The fanboys are riled up -- the Android fanboys, that is. Earlier this week, InfoWorld ran my "mobile deathmatch" face-off between Google's Android OS and Apple's iOS. I got a bunch of strongly worded emails, some bordering on nasty, for my conclusion that Android is basically harder to use than iOS. Those comments, as well as ones from previous stories, reveal a lot about the psyche of "fandroids": They like intricate tech that requires mastery of secrets and tricks, much like dedicated gamers do.
"Fandroids" treat a smartphone like a game player
These readers didn't take issue with most of my factual assertions, especially my criticisms of Android's poor corporate fit -- though several pointed out some errors that I immediately corrected, such as the Android OS not having a folder capability or being able to reposition the text cursor when editing (more on these later). What really got under their skin was my ongoing complaint about how so many options in Android are hidden from the user, unless you press this button or that button and work your way through several menus.
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I wrote, and strongly believe, that iOS does a better job of exposing relevant capabilities when you need them, so you can work more quickly. That's called intuitive interface design.
But the fandroids don't want an easy-to-use OS, and they prefer Android because it requires mastery of arcane usage secrets such as "long presses," a tap-and-hold method that works sort of like a computer's contextual menu. For example, long-tapping on the home screen to get a menu lets you add folders, and then long-tapping the folder's menu bar brings up the editor for the folder name. (Contextual menus are great as time-savers for power users, but when used as the only access means to capabilities, they hide functionality from users -- and that's bad.) These fandroid readers also kept saying that going through a sequence of three or four menu options was no big deal, and they thought my criticism of Android for working that way was simply wrongheaded. That's how an operating system should work, they strongly argued.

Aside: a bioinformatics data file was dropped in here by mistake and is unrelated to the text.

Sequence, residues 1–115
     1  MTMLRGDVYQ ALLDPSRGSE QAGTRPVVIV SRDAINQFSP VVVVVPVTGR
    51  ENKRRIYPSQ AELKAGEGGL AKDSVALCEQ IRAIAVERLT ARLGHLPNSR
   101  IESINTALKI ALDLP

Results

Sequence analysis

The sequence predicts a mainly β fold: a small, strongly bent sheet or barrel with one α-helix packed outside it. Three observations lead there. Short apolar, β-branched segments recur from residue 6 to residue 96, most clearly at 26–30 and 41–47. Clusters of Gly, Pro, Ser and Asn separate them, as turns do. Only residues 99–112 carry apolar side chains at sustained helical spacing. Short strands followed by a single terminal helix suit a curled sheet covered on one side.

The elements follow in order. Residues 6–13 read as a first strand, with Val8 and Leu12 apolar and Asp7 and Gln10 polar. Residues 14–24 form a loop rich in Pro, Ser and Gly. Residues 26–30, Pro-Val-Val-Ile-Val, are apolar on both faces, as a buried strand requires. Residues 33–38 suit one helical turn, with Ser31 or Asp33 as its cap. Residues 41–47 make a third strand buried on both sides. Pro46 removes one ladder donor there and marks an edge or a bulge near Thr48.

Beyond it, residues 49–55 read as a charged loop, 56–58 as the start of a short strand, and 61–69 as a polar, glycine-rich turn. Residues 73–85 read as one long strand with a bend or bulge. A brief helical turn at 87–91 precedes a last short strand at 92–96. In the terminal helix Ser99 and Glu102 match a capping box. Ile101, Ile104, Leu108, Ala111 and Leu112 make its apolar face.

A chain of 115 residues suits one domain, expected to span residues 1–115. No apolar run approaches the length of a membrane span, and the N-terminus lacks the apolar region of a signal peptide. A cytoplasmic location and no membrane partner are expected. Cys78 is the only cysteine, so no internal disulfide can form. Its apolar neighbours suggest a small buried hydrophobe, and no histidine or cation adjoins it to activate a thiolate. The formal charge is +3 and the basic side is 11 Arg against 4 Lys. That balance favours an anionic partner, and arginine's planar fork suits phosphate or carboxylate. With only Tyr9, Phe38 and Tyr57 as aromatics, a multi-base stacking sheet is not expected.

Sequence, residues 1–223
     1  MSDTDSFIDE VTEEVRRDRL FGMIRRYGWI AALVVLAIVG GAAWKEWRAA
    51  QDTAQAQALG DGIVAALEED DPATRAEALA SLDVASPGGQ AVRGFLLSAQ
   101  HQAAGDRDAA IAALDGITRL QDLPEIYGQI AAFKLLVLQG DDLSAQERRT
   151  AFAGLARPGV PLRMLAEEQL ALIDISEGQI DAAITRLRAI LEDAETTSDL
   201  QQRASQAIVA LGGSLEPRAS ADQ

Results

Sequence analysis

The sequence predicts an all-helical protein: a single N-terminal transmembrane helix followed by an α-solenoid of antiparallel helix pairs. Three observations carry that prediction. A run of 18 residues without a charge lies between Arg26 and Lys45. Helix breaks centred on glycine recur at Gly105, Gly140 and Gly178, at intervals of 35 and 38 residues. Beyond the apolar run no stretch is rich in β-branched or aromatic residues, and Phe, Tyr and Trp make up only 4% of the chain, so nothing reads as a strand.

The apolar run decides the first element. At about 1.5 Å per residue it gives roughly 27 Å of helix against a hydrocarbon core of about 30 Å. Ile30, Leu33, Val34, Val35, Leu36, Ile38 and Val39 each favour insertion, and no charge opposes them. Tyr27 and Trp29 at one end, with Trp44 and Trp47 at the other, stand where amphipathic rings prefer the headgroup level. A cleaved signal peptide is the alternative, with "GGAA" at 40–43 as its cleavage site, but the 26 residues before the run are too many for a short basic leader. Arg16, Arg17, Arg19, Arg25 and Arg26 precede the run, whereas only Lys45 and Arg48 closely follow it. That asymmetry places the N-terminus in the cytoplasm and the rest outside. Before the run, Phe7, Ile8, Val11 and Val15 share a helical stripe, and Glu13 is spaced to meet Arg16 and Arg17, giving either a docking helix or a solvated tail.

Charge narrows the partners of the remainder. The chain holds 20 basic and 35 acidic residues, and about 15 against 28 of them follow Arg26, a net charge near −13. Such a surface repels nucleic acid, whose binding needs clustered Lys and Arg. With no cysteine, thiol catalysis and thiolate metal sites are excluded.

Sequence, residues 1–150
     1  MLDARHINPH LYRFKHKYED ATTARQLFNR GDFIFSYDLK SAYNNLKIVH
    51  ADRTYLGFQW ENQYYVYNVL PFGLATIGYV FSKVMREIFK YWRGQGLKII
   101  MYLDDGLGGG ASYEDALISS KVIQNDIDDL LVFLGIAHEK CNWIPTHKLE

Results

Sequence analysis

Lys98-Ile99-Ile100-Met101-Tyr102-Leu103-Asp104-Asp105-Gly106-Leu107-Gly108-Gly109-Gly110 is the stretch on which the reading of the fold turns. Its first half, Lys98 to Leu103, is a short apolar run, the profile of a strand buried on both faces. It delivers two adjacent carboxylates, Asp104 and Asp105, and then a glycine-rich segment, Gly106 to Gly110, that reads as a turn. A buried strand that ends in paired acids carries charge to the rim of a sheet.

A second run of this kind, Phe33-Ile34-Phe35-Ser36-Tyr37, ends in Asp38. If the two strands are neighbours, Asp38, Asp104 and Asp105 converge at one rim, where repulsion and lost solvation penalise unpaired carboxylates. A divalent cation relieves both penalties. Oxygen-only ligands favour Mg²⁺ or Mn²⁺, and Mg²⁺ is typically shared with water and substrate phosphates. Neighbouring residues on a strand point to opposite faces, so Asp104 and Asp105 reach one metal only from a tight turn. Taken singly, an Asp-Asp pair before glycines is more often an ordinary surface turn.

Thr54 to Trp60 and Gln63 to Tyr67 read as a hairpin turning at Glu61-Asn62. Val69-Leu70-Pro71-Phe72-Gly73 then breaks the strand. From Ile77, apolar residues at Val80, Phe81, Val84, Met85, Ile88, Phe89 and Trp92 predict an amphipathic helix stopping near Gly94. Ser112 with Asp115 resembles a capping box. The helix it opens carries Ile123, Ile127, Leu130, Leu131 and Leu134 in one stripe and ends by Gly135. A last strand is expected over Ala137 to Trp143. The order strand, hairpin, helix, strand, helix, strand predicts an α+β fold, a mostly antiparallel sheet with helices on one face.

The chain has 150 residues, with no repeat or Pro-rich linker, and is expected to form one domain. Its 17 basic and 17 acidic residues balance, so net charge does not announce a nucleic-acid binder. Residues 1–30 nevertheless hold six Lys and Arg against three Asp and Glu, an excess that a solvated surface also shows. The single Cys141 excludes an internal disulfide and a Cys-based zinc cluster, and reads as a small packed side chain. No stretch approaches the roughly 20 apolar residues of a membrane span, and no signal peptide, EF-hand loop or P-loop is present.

Look, there's a place for arcane interfaces -- it does make master users feel superior, and it can be fun to figure out all the hidden tricks, just as it is to find the secret powers, commands, shortcuts, and so on in a computer game. And I can see how Google's young, engineering-oriented, smarter-than-the-average-bear employees would feel the same and thus design an OS for them. I bet they play a lot of computer games, too.
But for the rest of us, a smartphone is a tool, one that is often used in quick breaks or on the go. Not having to figure out the secret sauce is a better paradigm in that context -- or so I believe, and my review reflects that. If you don't agree, then by all means get an Android device; my opinion doesn't determine your purchase options.